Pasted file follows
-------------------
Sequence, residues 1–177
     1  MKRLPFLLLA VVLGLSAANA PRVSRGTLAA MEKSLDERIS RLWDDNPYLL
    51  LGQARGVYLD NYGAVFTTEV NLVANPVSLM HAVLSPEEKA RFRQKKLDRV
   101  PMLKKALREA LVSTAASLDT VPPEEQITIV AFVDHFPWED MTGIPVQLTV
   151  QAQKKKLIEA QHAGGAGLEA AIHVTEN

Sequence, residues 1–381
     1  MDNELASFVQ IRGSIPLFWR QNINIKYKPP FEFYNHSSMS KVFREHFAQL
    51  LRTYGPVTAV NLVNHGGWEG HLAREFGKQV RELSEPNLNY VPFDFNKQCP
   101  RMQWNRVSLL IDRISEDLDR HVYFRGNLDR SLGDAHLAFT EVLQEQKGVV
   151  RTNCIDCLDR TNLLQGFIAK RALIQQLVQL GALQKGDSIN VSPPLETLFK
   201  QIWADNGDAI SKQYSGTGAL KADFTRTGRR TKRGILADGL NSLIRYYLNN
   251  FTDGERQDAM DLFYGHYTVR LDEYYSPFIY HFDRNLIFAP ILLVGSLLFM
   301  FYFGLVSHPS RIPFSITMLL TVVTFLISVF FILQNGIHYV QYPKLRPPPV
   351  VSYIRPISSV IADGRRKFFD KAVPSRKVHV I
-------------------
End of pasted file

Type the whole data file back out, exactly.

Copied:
Sequence, residues 1–177
     1  MKRLPFLLLA VVLGLSAANA PRVSRGTLAA MEKSLDERIS RLWDDNPYLL
    51  LGQARGVYLD NYGAVFTTEV NLVANPVSLM HAVLSPEEKA RFRQKKLDRV
   101  PMLKKALREA LVSTAASLDT VPPEEQITIV AFVDHFPWED MTGIPVQLTV
   151  QAQKKKLIEA QHAGGAGLEA AIHVTEN

Sequence, residues 1–381
     1  MDNELASFVQ IRGSIPLFWR QNINIKYKPP FEFYNHSSMS KVFREHFAQL
    51  LRTYGPVTAV NLVNHGGWEG HLAREFGKQV RELSEPNLNY VPFDFNKQCP
   101  RMQWNRVSLL IDRISEDLDR HVYFRGNLDR SLGDAHLAFT EVLQEQKGVV
   151  RTNCIDCLDR TNLLQGFIAK RALIQQLVQL GALQKGDSIN VSPPLETLFK
   201  QIWADNGDAI SKQYSGTGAL KADFTRTGRR TKRGILADGL NSLIRYYLNN
   251  FTDGERQDAM DLFYGHYTVR LDEYYSPFIY HFDRNLIFAP ILLVGSLLFM
   301  FYFGLVSHPS RIPFSITMLL TVVTFLISVF FILQNGIHYV QYPKLRPPPV
   351  VSYIRPISSV IADGRRKFFD KAVPSRKVHV I